6. English and Civics – you must pass a citizenship test to decide your ability to understand, speak, read and write Basic English. Additionally you will be given a test on United States history and government.
7. Oath Ceremony – you must attend a public oath ceremony and take the oath of allegiance.
Selective Service Registration
Unless exempted, all men living in the United States (whether documented or undocumented) who are between the ages of 18 to 25 years must have registered for Selective Service. Though Selective Service registration is not a requirement for naturalization, a “knowing and willful failure to register” may result in denial of US citizenship because the US Citizenship and Immigration Services may find that the applicant lacks good moral character. Furthermore INA Section 337(a)(5)(A) requires any applicant for naturalization to publicly declare his willingness to bear arms on behalf of the United States.
There are many exceptions to these general rules. For example a US citizen parent may apply for naturalization on behalf of his or her child born and residing abroad (using form N-600K) when the child is less than 18 years. A medically disable person may apply for a medical waiver of the both the English and Civics requirements for naturalization. Because of these many exceptions the US citizenship requirements for each person (e.g. those who have served honorably in the US military) may be different.
You may be eligible for US citizenship and not know it or you may have obstacles from your past which, if not addressed, could bar you from getting US citizenship. It is important to consult an immigration attorney if you are thinking about making a US citizenship application. Call me at 702-423-2721 or email me at email@example.com to schedule your consultation to determine eligibility for US citizenship. We would love to help you.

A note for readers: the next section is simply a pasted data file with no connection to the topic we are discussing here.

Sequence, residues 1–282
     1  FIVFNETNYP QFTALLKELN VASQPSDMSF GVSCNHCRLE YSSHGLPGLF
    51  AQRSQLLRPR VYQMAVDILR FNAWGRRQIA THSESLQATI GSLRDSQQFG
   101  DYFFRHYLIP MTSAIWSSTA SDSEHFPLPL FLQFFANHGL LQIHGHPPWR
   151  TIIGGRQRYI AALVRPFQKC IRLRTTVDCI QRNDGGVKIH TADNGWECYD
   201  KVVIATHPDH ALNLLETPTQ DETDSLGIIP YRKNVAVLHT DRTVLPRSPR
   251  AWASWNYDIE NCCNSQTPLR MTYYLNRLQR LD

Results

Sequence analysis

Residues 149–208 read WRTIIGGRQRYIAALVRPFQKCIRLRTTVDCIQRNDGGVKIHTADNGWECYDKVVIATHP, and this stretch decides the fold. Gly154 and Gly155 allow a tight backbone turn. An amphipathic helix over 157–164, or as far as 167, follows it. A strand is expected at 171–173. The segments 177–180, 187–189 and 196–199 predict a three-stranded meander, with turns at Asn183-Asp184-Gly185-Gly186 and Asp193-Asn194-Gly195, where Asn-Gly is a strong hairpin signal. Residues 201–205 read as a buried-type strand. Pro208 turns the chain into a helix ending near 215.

Gary Goodin, Las Vegas Immigration Attorney at Goodin Law P.A. 702-423-2721
Resources for the US citizen application and US citizenship test
Use the following links from the and the Catholic Legal Immigration Network CLINIC to help you learn more about United States citizenship requirements, how to apply for citizenship and prepare for the citizenship test.
3. Study Materials for the English Test (Video available)
4. Study Materials for the Civics Test (Video available)
Naturalization Oath of Allegiance to the United States
“I hereby declare, on oath, that I absolutely and entirely renounce and abjure all allegiance and fidelity to any foreign prince, potentate, state or sovereignty, of whom or which I have heretofore been a subject or citizen; that I will support and defend the Constitution and laws of the United States of America against all enemies, foreign and domestic; that I will bear true faith and allegiance to the same; that I will bear arms on behalf of the United States when required by the law; that I will perform noncombatant service in the armed forces of the United States when required by the law; that I will perform work of national importance under civilian direction when required by the law; and that I take this obligation freely without any mental reservation or purpose of evasion; so help me God.”